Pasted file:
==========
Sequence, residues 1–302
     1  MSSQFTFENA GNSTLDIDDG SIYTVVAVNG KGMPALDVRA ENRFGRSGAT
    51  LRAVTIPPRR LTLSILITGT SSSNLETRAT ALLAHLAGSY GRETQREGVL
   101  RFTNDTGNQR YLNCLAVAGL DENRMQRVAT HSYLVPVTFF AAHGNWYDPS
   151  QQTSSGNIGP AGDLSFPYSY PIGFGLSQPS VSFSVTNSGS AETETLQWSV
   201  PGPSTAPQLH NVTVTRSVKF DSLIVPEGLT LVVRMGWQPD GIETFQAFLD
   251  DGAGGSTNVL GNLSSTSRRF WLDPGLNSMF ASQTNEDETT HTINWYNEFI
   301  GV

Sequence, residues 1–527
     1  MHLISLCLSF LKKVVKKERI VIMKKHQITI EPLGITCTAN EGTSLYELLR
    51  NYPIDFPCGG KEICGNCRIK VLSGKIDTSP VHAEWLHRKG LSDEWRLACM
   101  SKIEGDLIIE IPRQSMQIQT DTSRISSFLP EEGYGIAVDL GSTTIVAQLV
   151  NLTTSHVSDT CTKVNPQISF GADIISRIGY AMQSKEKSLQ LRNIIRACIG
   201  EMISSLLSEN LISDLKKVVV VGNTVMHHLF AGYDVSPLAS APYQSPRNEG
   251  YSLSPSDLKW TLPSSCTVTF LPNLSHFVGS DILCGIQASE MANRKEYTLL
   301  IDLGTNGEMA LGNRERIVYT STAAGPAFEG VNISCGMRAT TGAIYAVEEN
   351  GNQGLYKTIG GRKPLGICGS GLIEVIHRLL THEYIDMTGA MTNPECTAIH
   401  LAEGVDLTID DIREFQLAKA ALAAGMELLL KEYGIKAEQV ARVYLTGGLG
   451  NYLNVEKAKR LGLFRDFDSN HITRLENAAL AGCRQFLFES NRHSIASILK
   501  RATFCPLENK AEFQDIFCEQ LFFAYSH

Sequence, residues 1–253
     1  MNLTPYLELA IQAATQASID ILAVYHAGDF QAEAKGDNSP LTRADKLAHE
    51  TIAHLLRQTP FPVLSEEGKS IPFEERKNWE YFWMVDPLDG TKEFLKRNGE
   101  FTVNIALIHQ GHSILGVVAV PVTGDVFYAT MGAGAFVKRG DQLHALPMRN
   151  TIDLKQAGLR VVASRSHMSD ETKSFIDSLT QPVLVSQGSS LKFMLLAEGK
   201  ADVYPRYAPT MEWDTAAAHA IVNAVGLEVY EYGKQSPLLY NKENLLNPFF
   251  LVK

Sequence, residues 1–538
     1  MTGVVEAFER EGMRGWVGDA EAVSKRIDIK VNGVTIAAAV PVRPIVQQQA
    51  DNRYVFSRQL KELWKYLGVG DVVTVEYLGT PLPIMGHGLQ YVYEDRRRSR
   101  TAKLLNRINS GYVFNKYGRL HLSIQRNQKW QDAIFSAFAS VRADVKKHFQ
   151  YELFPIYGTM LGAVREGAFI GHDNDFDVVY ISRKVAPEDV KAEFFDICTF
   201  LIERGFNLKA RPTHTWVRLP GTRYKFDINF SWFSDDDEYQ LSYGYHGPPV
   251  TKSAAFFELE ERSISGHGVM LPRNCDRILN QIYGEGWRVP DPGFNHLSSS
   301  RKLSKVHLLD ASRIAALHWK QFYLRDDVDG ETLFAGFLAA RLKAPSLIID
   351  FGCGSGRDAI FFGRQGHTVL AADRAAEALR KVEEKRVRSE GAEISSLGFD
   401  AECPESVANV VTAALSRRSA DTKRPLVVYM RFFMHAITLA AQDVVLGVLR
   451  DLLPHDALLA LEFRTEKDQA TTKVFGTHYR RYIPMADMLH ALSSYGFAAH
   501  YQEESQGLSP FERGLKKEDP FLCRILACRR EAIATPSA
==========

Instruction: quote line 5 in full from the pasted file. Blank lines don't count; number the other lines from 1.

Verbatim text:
   151  QQTSSGNIGP AGDLSFPYSY PIGFGLSQPS VSFSVTNSGS AETETLQWSV